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What Falling Battery Prices Mean for Clean Energy

Growth in batteries outpaced nearly all other clean energy technologies in 2023, buoyed by declining costs, advancements in technology, and favorable industrial policies (including subsidies), the International Energy Agency (IEA) said in a new report. 

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Driven by generous carrots and sticks, which have spurred private investment, The IEA’s Special Report on Batteries and Secure Energy Transitions found that lithium-ion (Li-ion) battery prices have fallen by more than 90% in less than 15 years. Since 2010, Li-ion prices have dropped from $1,200 per kilowatt-hour to less than $140 per kilowatt-hour. This marks one of the fastest declines ever seen in clean energy technologies.

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The findings are significant given Li-ion batteries’ relevance to the global energy ecosystem. Despite the technology being traditionally associated with consumer electronics like computers and phones, Li-ion batteries are playing an increasingly significant role in the energy sector, which now accounts for more than 90% of overall battery demand.

So what makes Li-ion batteries so integral to hitting our energy goals?

According to the Special Report, batteries are a key component in a clean energy expansion. To triple global renewable energy capacity by 2030, a goal agreed to at COP28 in Dubai, energy storage must increase sixfold, with batteries playing a crucial role in this expansion.

Fortunately, the rapid decline in Li-ion battery prices since 2010 has spurred investment in the renewable energy market by making green energy sources more economically viable and accessible. This cost reduction has helped to mitigate the intermittency of solar and wind power and enabled the broader adoption of these technologies..

The effects of falling battery prices will be most pronounced in the electricity and transport sectors, ‘two key pillars’ for slashing emissions quickly enough “to meet the targets agreed at COP28 and keep open the possibility of limiting global warming to 1.5°C,” says IEA Executive Director Fatih Birol.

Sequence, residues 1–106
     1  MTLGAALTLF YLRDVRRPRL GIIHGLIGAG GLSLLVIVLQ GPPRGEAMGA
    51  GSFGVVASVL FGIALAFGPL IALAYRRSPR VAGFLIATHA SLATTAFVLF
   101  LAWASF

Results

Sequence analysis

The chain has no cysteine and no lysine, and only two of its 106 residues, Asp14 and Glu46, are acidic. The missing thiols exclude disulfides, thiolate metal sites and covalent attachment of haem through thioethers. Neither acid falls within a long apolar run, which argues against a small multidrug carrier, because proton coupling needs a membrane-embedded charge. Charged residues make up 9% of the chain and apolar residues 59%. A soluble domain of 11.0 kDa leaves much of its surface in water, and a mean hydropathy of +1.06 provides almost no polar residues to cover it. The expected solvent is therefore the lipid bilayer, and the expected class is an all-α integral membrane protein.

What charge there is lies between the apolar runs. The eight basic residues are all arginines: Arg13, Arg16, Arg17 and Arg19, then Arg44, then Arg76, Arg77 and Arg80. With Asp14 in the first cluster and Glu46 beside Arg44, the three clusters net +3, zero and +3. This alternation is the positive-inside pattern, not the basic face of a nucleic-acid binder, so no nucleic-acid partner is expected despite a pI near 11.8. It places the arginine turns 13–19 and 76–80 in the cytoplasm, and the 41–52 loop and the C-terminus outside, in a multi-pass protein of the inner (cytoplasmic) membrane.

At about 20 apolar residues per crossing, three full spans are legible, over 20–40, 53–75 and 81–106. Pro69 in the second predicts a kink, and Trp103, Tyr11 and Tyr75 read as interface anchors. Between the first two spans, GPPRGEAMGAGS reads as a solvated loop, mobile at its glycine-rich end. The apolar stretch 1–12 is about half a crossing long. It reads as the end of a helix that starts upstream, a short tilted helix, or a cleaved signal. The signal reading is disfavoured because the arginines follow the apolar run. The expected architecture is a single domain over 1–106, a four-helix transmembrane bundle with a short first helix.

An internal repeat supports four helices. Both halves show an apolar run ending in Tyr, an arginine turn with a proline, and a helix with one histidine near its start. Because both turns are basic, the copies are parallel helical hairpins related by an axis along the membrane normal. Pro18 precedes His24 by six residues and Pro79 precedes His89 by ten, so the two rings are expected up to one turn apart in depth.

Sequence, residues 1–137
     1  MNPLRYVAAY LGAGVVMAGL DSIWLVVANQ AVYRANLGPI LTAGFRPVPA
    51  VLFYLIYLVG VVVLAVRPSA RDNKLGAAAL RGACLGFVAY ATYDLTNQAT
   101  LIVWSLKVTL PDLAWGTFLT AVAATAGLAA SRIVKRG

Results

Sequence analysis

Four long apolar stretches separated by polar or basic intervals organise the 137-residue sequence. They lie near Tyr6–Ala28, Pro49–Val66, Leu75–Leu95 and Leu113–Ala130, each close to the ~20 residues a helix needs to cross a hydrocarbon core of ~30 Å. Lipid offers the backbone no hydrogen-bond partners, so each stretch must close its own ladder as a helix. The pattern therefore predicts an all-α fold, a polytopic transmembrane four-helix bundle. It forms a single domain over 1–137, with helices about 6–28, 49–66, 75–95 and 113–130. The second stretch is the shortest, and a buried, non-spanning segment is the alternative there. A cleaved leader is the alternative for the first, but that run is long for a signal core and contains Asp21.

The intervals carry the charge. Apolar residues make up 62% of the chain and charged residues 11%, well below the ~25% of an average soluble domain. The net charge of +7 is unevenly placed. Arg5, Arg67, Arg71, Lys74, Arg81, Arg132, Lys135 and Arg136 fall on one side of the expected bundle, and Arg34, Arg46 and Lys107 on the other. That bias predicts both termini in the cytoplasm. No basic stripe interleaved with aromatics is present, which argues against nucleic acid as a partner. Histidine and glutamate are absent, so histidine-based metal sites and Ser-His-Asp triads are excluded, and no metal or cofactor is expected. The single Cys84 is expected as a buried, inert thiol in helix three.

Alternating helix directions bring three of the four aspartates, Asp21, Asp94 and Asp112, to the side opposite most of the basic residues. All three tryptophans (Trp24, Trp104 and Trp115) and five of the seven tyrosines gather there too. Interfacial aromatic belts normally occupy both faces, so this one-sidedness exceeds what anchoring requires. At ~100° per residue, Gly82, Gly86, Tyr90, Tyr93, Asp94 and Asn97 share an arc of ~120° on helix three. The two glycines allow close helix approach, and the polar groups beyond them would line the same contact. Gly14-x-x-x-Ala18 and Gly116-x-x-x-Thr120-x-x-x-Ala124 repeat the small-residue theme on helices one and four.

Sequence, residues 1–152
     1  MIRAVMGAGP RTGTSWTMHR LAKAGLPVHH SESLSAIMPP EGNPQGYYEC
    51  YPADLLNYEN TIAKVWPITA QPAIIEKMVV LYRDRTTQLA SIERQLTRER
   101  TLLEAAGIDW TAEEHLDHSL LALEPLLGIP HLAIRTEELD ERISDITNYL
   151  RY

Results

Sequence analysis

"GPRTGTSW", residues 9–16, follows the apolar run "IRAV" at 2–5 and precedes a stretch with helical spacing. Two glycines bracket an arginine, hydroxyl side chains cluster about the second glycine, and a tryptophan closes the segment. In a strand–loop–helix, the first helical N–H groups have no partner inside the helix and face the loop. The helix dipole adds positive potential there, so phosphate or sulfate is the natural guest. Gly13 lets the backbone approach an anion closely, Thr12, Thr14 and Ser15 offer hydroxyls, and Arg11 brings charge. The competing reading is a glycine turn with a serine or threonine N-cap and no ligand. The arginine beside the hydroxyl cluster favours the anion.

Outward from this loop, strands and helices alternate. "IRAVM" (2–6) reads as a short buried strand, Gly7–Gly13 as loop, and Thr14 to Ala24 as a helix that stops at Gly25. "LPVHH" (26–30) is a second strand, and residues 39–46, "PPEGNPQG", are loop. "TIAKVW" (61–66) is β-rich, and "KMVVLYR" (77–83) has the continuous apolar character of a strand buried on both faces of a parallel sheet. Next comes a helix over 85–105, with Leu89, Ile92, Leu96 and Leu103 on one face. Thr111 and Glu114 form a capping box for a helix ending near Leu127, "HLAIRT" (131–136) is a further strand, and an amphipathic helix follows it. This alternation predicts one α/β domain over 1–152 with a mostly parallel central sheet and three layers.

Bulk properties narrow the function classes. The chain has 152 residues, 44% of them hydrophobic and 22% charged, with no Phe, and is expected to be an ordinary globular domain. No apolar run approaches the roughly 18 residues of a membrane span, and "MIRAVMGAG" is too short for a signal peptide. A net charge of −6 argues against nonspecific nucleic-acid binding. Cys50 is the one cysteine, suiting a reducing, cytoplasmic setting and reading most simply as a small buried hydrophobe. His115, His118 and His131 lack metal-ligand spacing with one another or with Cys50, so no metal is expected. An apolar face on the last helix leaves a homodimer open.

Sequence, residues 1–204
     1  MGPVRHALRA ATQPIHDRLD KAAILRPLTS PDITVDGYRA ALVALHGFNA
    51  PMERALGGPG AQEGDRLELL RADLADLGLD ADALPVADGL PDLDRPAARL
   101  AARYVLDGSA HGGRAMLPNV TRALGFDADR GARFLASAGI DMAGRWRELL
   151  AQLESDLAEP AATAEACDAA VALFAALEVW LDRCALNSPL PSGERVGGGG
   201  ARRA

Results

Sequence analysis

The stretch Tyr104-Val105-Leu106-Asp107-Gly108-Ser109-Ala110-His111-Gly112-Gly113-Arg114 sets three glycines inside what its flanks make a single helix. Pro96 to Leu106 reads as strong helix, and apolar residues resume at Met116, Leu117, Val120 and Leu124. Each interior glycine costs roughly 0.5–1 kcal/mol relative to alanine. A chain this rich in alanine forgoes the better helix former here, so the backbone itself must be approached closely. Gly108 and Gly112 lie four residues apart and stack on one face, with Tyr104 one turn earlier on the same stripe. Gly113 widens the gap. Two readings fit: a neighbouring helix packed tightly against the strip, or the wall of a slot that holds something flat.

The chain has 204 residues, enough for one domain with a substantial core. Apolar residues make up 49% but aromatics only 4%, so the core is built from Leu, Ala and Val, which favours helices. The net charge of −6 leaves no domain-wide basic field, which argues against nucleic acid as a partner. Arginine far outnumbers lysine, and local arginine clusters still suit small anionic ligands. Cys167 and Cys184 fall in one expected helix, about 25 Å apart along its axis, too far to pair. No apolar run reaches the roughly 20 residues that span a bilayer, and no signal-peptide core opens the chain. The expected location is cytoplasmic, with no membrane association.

“Batteries will provide the foundations in both areas, playing an invaluable role in scaling up renewables and electrifying transport while delivering secure and sustainable energy for businesses and households.”

Although they are the most common, Li-ion is not the only battery-powered energy storage solution on the market. Other alternatives to traditional Li-ion batteries include solid-state batteries, which replace the liquid electrolyte found in standard lithium-ion batteries with a solid electrolyte. Compared to Li-ion batteries, they offer higher energy density and a longer cycle life, with high-density solid-state batteries approximating 10,000 charging cycles (modern Li-ion batteries, on the other hand, cap at around 2,000-3,000 cycles before exhibiting noticeable degradation). 

>>>READ: Could Solid-State Batteries Accelerate Electric Vehicle Adoption?

Solid-state batteries also offer improved safety features relative to their conventional counterparts, mitigating the risk of thermal runaway and fire hazards associated with liquid electrolytes. Additionally, the next-generation technology is less prone to dendrite formation, a common issue in Li-ion batteries that can lead to short circuits and decreased performance. These safety enhancements make solid-state batteries particularly attractive for applications where reliability and safety are paramount, such as electric vehicles and grid-scale energy storage systems

However, solid-state batteries are still in their initial stages of development and face challenges to full-scale commercialization, although the IEA predicts massive performance gains beyond 2030.

Other up-and-coming battery technologies include zinc-air batteries, which offer even longer energy storage capacity ranging from several hours to multiple days (the storage capacity of lithium-ion batteries peaks at about four hours). Moreover, zinc-air batteries excel in terms of sustainability. As the primary component of zinc-air batteries, zinc is non-toxic, widely available, and an abundant natural element. Given its plentiful supply, zinc-air batteries hold promise for being more cost-effective in large-scale energy storage applications.

While these upcoming technologies are making significant headways and are poised to play a role in advancing renewable energy technologies, Li-ion batteries remain the dominant rechargeable battery technology. 

As battery prices continue to fall, further innovation in battery chemistries will continue to improve their performance and bring about advancements in energy storage efficiency, safety, sustainability, and cycle life. Looking to 2030, the IEA projects Li-ion battery costs to fall an additional 40%. Additionally, continuous innovation in the battery manufacturing industry is expected to push sodium-ion batteries to the market, with the technology expected to account for less than 10% of EV batteries by 2030. 

Nathalie Voit is a freelance content creator and a graduate of the University of Florida. She is an alumni of The Heritage Foundation’s Young Leaders Program.  

The views and opinions expressed are those of the author’s and do not necessarily reflect the official policy or position of C3.

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